Now that the regime of the late Libyan dictator Moammar Gadhafi is no more, the North Atlantic Treaty Organization (NATO) forces have decided to end its seven-month campaign in Libya to overthrow the administration of Gadhafi. NATO spokesperson Col. Roland Lavoie said NATO staff temporarily sent to the headquarters in Naples, Italy, for the operation are being reassigned to regular duties.
Lavoie said the NATO intervention in Libya will officially end on Monday. It can be recalled that after the United Nations Security Council authorized NATO to help in Libya, the allies forces carried out 9,600 strike sorties in the past seven months, destroying about 5,900 military targets. The NATO operation is considered a success since it help in overthrowing the regime of Gadhafi while limiting civilian casualties.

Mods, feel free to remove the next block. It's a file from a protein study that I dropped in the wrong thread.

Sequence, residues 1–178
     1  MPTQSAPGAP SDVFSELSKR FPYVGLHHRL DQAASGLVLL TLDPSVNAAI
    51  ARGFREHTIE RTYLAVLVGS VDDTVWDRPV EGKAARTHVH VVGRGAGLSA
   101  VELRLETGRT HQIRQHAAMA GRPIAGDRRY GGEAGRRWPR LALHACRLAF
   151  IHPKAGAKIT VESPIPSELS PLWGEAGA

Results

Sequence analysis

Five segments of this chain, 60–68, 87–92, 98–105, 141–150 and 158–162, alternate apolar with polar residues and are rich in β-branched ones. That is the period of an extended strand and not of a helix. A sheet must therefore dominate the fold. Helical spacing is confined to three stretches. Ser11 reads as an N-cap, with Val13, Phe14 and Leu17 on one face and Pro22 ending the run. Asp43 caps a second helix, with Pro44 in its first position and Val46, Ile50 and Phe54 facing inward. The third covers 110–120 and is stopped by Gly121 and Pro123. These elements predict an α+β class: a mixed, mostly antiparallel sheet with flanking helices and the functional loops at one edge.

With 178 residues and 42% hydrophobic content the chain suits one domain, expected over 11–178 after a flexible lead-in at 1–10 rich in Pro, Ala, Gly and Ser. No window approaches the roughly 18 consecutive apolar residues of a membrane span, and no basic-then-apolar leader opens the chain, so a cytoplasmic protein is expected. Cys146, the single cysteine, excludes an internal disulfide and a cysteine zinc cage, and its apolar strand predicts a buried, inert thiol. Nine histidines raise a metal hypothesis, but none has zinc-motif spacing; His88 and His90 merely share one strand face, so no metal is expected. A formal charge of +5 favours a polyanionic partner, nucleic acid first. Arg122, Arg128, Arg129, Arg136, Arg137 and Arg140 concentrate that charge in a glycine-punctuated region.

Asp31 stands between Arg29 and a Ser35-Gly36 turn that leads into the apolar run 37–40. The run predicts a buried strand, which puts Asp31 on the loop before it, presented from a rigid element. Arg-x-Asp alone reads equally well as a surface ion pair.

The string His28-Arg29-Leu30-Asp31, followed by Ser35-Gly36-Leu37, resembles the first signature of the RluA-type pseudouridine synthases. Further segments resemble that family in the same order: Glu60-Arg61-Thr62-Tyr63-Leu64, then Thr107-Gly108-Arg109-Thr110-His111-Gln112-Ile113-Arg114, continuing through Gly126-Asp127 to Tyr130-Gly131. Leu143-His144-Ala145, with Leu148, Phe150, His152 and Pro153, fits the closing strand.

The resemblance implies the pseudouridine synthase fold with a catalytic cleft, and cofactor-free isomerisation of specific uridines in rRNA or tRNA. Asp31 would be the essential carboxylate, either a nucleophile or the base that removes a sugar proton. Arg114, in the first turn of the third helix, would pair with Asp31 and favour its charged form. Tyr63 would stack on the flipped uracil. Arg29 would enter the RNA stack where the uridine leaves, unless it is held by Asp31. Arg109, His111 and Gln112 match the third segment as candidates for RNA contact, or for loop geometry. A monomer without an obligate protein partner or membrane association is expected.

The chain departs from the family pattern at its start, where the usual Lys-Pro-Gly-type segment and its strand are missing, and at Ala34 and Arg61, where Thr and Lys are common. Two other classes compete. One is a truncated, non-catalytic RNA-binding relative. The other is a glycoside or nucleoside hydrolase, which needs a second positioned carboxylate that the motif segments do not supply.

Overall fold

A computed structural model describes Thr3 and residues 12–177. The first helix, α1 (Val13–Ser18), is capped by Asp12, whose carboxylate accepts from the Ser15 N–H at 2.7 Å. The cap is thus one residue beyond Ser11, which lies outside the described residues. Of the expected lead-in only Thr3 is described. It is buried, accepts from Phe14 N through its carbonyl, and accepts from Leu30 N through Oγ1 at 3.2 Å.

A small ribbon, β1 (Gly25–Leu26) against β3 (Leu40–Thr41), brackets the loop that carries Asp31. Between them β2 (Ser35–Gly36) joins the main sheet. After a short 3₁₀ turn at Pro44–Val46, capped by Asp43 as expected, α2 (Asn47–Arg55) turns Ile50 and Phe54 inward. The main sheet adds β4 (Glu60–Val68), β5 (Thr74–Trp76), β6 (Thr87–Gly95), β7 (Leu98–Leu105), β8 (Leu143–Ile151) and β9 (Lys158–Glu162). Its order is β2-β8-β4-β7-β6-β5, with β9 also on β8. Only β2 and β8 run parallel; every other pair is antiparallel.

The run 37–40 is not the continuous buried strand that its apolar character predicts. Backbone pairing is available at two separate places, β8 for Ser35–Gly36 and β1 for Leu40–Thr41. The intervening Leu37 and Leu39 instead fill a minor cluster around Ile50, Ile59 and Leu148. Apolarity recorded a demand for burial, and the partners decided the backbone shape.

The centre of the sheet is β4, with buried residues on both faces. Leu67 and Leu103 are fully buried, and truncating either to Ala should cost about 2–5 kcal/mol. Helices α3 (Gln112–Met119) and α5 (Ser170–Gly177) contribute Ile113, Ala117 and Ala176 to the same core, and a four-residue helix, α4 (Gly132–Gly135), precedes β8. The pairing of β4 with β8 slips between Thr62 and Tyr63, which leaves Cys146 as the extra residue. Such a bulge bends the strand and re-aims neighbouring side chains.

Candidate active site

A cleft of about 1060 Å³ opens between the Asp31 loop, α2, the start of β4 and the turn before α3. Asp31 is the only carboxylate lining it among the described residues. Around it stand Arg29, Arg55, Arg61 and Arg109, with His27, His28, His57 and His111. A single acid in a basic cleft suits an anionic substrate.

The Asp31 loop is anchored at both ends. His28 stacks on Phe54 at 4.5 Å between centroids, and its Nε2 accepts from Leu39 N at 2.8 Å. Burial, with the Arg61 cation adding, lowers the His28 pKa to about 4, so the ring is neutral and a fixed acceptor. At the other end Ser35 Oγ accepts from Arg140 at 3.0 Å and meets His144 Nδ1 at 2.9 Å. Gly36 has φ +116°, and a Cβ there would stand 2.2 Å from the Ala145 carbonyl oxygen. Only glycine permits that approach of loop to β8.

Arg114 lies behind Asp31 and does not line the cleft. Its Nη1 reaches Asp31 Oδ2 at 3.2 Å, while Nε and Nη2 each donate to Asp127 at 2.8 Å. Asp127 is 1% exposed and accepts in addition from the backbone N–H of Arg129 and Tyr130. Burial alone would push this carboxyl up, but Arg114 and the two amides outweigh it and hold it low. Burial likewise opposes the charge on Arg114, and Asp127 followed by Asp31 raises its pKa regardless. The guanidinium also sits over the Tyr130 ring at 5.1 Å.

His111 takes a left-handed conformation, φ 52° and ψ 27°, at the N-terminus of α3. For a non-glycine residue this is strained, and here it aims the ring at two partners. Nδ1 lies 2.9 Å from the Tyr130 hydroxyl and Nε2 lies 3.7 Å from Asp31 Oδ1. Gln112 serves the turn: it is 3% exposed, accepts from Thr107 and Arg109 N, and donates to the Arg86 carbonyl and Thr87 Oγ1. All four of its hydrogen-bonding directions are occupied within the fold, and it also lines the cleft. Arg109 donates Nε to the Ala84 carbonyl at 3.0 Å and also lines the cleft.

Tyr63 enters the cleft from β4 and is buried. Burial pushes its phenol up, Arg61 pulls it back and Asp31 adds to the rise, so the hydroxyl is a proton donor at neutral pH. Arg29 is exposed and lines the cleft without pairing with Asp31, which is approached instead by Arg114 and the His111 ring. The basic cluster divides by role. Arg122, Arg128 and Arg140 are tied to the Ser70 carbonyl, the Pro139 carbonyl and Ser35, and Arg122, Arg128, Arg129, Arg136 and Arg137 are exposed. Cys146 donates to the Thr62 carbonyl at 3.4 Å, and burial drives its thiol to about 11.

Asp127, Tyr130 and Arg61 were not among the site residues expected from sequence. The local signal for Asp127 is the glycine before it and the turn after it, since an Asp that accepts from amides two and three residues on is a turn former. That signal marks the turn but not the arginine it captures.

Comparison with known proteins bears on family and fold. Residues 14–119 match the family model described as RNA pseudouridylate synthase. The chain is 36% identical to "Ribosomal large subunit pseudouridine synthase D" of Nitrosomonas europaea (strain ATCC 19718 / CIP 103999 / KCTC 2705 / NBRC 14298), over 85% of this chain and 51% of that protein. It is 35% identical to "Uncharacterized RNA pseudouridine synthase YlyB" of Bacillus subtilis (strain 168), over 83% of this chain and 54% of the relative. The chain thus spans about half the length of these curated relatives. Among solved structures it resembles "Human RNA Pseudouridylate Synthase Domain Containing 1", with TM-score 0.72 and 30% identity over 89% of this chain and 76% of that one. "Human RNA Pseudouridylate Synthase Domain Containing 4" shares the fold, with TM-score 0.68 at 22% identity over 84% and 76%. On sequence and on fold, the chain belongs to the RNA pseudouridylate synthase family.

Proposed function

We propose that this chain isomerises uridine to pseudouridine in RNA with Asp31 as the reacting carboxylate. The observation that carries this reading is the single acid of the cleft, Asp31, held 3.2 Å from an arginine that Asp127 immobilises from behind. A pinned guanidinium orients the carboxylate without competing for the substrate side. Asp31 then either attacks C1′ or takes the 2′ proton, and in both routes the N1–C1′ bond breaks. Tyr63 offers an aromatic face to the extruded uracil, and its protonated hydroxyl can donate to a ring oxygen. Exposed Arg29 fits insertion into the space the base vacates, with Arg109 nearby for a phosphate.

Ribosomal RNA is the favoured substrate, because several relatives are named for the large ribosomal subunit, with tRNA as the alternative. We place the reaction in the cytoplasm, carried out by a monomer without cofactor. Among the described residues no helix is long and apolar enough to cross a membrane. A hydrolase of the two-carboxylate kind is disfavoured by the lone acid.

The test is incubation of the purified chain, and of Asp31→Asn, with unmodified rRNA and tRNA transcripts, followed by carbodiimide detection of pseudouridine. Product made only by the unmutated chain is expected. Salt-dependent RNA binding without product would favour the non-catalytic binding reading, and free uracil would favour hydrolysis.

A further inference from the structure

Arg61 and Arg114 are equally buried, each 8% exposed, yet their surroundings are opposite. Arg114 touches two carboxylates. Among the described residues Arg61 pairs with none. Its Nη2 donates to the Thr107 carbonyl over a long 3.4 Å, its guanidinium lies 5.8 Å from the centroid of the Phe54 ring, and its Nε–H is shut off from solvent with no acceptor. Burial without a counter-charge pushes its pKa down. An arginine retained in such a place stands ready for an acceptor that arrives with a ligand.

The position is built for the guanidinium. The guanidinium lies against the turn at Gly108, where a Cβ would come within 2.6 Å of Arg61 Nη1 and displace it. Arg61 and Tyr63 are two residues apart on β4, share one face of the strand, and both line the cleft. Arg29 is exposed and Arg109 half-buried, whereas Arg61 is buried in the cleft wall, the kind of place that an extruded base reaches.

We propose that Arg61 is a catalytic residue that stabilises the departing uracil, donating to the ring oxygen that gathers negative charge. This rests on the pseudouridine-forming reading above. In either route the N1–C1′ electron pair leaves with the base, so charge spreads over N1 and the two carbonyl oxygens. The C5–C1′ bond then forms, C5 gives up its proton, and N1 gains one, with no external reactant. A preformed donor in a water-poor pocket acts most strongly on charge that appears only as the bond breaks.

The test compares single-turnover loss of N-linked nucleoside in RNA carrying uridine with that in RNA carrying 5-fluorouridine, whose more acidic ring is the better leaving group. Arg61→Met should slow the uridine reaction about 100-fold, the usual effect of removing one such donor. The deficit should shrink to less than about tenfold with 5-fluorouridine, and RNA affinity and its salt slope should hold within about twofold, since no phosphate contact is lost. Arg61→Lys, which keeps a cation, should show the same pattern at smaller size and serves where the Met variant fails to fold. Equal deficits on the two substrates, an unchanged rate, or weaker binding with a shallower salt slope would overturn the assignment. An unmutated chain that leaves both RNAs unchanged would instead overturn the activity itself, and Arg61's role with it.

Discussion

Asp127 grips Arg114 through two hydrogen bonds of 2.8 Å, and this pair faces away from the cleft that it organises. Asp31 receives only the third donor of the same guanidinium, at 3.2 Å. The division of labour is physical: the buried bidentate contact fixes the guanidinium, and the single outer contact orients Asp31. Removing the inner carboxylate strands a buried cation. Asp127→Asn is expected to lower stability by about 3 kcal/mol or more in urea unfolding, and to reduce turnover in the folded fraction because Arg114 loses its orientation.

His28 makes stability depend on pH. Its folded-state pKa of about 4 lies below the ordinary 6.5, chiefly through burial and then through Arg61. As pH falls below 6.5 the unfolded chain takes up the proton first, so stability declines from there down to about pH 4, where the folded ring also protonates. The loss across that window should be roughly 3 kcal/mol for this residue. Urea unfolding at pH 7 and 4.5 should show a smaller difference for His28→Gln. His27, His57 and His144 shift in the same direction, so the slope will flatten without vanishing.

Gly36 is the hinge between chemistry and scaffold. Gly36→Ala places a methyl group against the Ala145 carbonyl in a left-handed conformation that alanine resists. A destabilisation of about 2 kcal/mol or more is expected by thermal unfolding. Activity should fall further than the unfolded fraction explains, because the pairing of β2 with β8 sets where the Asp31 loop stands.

Despite its success, NATO was also embroiled in controversy as only eight of the 28 member states agreeing to participate in the bombing. Among the nations opposing the NATO intervention in Libya were Russia, China, the African Union, and other governments who all have argued that NATO misused the limited U.N. resolution imposing a no-fly zone and authorizing the protection of civilians as a pretext to promote regime change.